Diagram showing the elements of constructive alignment

Principles of Programme Design

All taught programmes and modules at the University of Northampton are designed using the principles of constructive alignment. Very simply, this means that:

  1. your learning outcomes should clearly inform the students what they will be expected to know and be able to do by the end of the unit of study;
  2. your teaching and learning activities should be designed to support the achievement of those outcomes; and
  3. your assessment tasks are designed to enable your students to demonstrate achievement of the learning outcomes.

All of the rules that govern how programmes and modules at Northampton are designed, can be found in the University Modular Framework, which is contained in the Staff Handbook. The UMF is a continuous framework governing levels 4-8. It provides a framework for the design, structure, and assessment of courses. It also covers the relevant regulations (including supplementary regulations).

The Programme Design Process at Northampton

Diagram of Programme Design stages at UoN

All programmes that are taught at the University of Northampton follow this cycle and there is support available for you at each and every stage.

Planning: This stage could include the design of brand new programmes and modules, or the redesign of existing programmes and modules following quality enhancement activity.

Quality Assurance: All of our programmes and modules go through a process of approval which is led by the Quality Unit. To find out more, please contact your Faculty Quality Officer.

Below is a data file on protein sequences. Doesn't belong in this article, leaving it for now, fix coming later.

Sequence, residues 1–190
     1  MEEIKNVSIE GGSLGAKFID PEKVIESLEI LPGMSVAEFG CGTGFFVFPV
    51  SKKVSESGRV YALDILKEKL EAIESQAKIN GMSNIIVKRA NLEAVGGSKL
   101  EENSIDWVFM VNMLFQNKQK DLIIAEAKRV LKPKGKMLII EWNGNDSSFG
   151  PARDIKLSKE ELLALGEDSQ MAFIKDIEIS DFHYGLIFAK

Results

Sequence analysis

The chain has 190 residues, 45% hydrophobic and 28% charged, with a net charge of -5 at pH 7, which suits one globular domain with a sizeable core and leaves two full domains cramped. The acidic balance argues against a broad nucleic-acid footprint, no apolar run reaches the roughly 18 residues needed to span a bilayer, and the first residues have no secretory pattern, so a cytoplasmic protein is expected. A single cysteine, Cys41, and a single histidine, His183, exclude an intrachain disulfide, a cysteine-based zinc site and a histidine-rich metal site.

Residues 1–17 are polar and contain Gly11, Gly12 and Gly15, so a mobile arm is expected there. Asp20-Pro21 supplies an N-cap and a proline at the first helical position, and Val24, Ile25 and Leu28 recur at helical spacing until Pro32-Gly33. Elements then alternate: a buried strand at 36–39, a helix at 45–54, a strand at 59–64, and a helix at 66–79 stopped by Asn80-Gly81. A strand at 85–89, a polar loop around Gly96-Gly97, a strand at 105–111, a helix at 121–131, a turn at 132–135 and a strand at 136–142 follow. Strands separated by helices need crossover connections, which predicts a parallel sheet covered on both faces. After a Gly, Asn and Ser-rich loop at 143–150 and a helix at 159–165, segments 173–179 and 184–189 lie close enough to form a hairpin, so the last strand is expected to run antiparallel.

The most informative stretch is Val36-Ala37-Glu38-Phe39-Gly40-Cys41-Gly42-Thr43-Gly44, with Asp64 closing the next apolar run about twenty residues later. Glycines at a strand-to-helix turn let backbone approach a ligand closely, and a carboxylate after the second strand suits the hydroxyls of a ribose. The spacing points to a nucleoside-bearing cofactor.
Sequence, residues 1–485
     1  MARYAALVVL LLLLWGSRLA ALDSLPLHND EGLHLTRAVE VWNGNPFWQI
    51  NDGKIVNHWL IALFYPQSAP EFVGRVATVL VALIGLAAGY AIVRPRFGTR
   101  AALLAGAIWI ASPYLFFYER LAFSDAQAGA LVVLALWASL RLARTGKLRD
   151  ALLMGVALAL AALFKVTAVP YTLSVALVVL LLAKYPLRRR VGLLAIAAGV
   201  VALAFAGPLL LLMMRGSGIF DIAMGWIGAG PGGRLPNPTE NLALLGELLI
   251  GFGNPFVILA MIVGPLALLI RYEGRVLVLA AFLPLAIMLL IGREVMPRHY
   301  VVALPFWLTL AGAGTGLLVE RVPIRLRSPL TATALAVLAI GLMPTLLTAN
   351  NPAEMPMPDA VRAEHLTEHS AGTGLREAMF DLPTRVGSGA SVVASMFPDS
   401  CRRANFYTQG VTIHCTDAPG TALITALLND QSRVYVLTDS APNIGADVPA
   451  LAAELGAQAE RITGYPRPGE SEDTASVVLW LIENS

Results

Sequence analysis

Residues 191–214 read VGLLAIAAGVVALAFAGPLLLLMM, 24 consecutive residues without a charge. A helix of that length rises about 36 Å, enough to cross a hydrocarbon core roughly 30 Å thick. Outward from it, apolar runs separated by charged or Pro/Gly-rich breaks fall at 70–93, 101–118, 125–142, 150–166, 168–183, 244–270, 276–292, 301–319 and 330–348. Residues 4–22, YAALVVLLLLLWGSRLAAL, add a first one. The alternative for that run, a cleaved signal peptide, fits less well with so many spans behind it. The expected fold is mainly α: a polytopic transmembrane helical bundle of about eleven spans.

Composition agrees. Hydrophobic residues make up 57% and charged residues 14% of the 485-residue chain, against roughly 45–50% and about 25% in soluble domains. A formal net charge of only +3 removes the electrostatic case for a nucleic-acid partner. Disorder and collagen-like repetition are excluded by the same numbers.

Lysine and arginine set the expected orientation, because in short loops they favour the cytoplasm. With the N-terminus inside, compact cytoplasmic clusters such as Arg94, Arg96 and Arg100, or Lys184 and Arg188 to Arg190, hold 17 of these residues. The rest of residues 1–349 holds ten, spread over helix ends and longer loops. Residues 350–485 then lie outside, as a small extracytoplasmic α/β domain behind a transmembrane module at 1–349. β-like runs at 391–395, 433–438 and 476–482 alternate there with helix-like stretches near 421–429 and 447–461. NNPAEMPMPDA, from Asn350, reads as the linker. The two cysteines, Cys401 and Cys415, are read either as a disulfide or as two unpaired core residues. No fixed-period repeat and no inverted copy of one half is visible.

Delivery: This is where your teaching occurs. Our Active Blended Learning approach means that this can happen in both face-to-face and online environments.

Quality Enhancement: Teaching staff are expected to regularly review the design and delivery of their modules and programmes in response to student feedback, achievement, student retention etc. You can find out more about the University of Northampton’s approach to quality enhancement here.

Student Engagement and the Student Voice

It is really important that our programmes and modules are co-designed with student input. In fact, it is only their feedback that tells you whether your designs are achieving what you intended them to. We would encourage you to consider how to incorporate the student voice at each stage of the programme design process. A number of options exist for this, including:

Proactive opportunities for students:

  • Inviting students to participate in course redesign workshops (CAIeRO)
  • Using students as panel members in Quality processes such as Validation, Periodic Subject Review (PSR) and Change of Approval

Reactive opportunities for feedback from students:

  • Making use of your Course Representatives
  • Feedback from Student-Staff Liaison Committees (SSLCs)
  • Annual Module Evaluation
  • Student Teaching and Representation Awards (STaR Awards) – led by the Students’ Union

For a more detailed insight on student engagement with Active Blended Learning, why not download and read our report on Student Engagement with ABL.